“It’s made it slightly dull this year,” said Stewart. “Everyone expected Mercedes to win the races. Complete domination by any particular make of car is always boring for the spectators.

“Fans would like to see more competition and I think next year there will be more competition.

“Honda are coming in, to provide engines for McLaren, while Williams will hope to build on their tremendous performance this season and Red Bull will come back strong.”

That may be true but I tend to think that Mercedes have such and advantage now that it will take time for McLaren or Ferrari to gain purchase. This leaves me thinking we might just see a couple more titles for Hamilton over the next two years because he’s clearly chosen to leave the personal drama at home and get back to his goal of winning championships and he’s honed his race craft into a title-winning machine. It’s all about timing and Lewis has played it perfectly just like Vettel, Schumacher, Prost and Senna did before him.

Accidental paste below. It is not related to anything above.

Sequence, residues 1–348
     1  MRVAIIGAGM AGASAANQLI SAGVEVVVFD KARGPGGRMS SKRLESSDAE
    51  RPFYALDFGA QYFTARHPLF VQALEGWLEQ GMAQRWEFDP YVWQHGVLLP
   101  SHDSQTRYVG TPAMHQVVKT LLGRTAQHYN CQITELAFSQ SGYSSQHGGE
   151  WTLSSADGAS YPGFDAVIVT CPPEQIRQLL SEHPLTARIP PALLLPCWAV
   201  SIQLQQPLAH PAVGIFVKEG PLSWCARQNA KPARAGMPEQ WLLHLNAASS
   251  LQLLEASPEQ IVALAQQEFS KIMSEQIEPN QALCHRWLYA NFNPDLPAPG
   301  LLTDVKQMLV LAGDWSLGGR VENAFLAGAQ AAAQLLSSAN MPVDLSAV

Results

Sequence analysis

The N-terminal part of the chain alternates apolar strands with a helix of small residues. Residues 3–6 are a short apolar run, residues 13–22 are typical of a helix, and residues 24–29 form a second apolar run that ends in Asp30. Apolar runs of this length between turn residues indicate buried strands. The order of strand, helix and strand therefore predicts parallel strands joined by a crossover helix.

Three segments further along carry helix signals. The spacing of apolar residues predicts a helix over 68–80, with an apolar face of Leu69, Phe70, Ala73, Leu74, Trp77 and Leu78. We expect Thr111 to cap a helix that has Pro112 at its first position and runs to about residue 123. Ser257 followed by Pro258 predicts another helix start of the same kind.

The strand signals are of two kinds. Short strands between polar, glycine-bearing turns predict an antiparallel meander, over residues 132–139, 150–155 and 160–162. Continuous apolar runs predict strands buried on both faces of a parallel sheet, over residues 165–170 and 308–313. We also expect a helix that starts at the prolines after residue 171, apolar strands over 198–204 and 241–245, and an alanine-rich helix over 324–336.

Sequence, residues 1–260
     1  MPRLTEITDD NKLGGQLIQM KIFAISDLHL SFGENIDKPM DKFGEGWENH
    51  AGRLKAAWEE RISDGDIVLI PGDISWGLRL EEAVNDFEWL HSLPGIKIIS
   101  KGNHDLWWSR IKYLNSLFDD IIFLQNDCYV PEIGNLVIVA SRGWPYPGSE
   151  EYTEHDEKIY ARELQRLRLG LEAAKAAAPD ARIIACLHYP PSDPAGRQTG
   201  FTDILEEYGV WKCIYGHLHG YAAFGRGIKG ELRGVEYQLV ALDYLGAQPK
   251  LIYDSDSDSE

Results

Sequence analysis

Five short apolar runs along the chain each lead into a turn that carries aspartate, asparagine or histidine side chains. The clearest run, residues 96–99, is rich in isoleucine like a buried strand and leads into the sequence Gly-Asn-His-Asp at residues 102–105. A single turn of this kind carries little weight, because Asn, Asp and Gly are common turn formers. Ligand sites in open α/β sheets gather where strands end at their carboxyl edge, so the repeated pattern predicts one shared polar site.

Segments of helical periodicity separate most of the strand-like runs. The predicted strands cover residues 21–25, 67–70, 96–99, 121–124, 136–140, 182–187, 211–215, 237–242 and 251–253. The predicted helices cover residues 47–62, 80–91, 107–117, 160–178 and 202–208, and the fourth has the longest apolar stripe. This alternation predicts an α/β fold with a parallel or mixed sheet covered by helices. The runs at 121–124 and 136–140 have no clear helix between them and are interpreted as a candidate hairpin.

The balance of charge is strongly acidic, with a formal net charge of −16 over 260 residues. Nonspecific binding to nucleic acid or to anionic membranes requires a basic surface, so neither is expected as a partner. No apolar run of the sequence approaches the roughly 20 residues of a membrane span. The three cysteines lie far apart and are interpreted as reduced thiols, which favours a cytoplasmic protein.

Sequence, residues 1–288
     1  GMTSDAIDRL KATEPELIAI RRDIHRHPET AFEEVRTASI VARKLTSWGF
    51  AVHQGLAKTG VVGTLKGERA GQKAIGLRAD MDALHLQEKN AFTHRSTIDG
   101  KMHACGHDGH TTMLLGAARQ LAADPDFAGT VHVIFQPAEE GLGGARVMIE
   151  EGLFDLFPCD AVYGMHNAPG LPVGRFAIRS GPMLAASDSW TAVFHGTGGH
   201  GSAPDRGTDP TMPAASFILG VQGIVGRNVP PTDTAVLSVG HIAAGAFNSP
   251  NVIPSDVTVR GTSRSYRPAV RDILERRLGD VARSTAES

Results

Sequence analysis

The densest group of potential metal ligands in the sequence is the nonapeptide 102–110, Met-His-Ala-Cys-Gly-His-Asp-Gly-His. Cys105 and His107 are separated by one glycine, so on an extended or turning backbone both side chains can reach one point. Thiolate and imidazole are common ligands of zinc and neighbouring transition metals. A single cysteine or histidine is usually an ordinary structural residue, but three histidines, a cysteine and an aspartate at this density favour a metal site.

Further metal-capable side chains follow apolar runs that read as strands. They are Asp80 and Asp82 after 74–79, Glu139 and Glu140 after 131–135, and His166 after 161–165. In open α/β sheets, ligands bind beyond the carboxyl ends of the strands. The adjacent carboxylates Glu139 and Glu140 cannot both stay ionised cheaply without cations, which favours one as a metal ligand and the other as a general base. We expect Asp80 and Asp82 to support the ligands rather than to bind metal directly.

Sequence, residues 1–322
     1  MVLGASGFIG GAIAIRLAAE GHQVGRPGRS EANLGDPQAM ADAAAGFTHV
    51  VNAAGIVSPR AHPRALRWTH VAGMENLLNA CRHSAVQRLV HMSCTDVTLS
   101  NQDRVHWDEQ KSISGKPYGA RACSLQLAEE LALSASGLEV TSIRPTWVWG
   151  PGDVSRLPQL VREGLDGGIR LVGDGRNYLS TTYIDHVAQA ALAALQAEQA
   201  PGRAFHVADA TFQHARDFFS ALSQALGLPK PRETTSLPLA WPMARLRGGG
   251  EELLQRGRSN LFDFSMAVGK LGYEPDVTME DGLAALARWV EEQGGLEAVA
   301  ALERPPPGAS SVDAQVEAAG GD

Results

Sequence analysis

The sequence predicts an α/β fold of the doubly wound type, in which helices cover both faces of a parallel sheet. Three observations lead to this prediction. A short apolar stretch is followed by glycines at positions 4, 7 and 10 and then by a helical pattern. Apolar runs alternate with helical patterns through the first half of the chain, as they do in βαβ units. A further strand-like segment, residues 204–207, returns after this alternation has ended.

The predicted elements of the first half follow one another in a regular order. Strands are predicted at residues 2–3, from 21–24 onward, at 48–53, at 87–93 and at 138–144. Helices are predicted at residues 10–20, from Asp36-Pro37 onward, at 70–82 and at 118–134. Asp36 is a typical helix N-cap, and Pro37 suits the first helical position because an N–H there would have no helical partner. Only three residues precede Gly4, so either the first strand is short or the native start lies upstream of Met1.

Hat Tip: BBC

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solutionc
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solutionc

Is it the car or the driver? I don’t think anyone rated Nico in the top 5 drivers coming into this year but i think he has proven VERY worthy competition to Lewis & i think you would be hard pressed to name 3 better drivers this year, making Lewis drive out of his skin to win the championship & a worthy champion. On the other hand I know this is controversial but i for one don’t think the same can be said for Vettel, or Schumacher, team orders & second tier support drivers leave question marks on their legacies,… Read more »

Mike
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Mike

They’re all ‘great’ and worthy champions in different ways, JS has never been too warm on Lewis, he’s not saying anything new:

Schumacher – Titles with different teams, helped rebuild Ferrari, sheer consistency
Vettel – Sheer consistency, young champion
Hamilton – Titles with different teams, long gap between championships, winner in every season

adaptable1
Guest
adaptable1